- Adjustable Microphone Stand
- Podcast Recording Software
In our own experience, the products in parentheses above have been affordable and high-quality options that have served us well over the last year. They were also well worth the initial investment, so double-win there. 👌
In terms of recording software, specifically for podcasts, our personal favorite is Auxbus. Created by Dan Radin in 2018, Auxbus is a goldmine of resources for new podcasters. On top of AI audio mastering and episode templates, each account also comes with access to their free music library and auto-sharing to podcast streaming platforms. In full transparency, we also love Auxbus because the team behind it is awesome. Case in point: If you check them out, as a referral from us, you get the first month for free. That way, you can get the hang of producing podcasts without having to pay a dime. To learn more, just click here!
Finally, after all of the prep work is done and your software is picked out, it’s time to record. On top of the tips we’ve already covered, make sure your recording area is quiet and well organized. Like shooting a video, the goal is to have everything you need close at hand and organized professionally. That way, you won’t have to move around during the recording and resist any unnecessary noise or distractions.
Additionally, if you’re recording a video simultaneously with your podcast, prepare for recording as if you were heading into an event or recording video for an online course. Even though the podcast itself may be free to watch, you’ll want to not only stay stationary while recording but also as polished and professional as possible. Just like performing on a stage, this helps the viewer pay attention to your content rather than anything else in the video, such as your clothing or the gestures you’re making with your hands.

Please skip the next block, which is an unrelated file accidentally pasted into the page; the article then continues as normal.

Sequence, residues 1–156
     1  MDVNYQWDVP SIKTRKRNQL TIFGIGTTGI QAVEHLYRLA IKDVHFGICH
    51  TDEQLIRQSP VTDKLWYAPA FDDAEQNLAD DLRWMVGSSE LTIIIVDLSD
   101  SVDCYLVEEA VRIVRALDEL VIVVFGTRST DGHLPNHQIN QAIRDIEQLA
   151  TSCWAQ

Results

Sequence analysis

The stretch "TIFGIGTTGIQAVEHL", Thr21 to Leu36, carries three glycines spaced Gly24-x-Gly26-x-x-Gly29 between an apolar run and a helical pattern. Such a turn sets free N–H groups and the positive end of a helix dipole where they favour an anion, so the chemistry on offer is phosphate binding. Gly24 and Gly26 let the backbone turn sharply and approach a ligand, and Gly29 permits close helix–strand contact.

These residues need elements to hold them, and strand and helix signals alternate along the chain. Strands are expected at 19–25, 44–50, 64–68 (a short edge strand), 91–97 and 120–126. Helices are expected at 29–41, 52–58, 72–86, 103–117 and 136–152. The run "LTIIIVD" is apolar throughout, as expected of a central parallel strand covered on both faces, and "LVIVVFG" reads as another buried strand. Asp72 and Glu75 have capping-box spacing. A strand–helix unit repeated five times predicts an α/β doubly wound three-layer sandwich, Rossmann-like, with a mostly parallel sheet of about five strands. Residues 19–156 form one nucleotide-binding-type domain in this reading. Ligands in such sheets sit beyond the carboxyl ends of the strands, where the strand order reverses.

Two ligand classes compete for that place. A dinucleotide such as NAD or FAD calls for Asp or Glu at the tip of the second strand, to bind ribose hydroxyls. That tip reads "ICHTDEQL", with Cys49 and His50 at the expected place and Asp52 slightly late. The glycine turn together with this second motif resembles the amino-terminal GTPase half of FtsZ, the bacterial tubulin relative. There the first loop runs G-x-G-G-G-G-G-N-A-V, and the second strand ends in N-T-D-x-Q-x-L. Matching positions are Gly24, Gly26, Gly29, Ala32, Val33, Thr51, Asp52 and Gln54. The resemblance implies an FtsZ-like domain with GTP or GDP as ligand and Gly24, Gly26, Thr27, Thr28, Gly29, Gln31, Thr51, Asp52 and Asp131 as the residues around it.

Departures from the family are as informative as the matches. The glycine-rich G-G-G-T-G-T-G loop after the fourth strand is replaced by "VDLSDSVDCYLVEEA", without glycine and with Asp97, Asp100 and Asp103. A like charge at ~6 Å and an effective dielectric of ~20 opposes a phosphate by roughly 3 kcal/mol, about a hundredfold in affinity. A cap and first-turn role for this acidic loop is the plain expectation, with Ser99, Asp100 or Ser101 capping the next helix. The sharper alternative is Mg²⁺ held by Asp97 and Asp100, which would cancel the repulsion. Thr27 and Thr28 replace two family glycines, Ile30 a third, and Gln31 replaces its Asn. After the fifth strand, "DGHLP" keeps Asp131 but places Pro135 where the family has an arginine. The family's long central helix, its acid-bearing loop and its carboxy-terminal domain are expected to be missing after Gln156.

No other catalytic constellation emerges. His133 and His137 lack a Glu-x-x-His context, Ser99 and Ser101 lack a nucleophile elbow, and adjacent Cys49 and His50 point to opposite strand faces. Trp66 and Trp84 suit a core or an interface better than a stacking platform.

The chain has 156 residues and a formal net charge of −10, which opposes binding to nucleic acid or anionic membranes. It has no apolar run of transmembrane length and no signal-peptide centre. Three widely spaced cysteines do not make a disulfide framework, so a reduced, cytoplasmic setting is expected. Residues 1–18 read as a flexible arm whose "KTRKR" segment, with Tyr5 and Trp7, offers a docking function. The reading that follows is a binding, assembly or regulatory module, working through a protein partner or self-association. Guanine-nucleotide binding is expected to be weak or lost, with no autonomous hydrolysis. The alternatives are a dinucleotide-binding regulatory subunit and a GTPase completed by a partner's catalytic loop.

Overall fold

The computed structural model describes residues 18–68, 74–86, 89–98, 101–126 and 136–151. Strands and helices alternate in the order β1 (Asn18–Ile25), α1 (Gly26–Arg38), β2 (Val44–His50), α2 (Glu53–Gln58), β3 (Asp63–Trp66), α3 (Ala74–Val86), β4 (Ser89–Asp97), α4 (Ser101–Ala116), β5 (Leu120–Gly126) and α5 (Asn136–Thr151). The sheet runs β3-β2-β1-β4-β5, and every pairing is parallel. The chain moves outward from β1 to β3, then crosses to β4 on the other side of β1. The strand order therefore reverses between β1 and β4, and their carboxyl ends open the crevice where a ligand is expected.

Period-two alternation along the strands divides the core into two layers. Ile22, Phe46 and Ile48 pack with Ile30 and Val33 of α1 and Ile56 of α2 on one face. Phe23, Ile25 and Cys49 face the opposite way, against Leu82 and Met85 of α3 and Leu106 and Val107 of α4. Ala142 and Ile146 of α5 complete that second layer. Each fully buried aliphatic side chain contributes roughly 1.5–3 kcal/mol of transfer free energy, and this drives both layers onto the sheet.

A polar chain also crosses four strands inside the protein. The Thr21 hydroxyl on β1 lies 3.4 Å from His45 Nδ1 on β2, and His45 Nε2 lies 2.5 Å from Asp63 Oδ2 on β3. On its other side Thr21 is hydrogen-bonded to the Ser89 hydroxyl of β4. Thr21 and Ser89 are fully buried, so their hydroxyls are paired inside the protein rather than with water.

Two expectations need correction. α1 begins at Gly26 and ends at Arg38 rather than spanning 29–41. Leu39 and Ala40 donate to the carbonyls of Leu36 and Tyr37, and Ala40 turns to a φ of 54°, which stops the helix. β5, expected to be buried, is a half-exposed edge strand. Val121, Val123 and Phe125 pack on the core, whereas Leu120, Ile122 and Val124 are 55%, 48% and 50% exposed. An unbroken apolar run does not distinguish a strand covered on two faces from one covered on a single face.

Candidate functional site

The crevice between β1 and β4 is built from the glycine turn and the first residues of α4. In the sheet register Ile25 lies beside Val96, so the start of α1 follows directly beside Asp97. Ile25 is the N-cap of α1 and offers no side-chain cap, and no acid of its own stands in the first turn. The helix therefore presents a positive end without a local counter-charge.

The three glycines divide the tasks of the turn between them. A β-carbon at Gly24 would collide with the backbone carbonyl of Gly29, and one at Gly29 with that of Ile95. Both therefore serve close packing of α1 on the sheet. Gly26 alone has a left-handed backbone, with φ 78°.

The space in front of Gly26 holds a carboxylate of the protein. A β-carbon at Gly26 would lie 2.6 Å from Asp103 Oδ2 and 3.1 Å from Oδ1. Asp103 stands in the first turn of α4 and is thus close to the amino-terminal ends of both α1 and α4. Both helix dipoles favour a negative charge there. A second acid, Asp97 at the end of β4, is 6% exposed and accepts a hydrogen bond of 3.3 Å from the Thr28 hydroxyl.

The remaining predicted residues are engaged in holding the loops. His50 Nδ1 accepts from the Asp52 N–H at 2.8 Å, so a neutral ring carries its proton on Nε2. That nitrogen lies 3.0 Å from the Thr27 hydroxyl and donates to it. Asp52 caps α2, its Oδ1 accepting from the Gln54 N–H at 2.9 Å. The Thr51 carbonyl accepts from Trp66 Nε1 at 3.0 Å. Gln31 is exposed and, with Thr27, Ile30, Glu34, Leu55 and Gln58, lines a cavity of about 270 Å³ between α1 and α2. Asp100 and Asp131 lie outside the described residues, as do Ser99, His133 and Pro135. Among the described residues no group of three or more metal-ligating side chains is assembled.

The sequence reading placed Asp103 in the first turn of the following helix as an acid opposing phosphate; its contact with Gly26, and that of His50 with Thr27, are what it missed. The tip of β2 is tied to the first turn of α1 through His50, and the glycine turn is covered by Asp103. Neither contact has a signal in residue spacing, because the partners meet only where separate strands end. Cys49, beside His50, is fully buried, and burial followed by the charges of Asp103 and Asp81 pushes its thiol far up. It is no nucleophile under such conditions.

All of that said, above all, remember that podcasts are unique in their informality. Even though you should strive to look professional, don’t feel the need to be stiff or proper. People are listening to your podcast (and, possibly, watching your videos) because they like your message and your personal brand. Because of that, don’t be afraid to be yourself and confidently show not just your credibility on the topic at hand but also your passion for it. It’s like the most famous quote from the film, Field of Dreams: “If you build it, he will come.” In other words, when you start your podcast, show your passion for your message and for creating audio for your audience. From there, in time, listeners will come.
Additional Resources for Creating Podcasts
Although I love to share information about podcasts, who better to help than podcast creators themselves? Below are a few of my favorites and some helpful tips and tricks from their experience, creating podcasts. Additionally, for more hands-on help, feel free to contact our team! Even if you just want to connect, we’re always around to lend an ear. 😊
- “Starting Your Podcast: A Guide For Students” from NPR News
- “Getting Started Guide” from The Audacity to Podcast
- “The Equipment, Tools & Software We Use & Recommend” from The Podcast Host
- “How to Start a Podcast in 2020: The Complete Podcasting Tutorial” from Smart Passive Income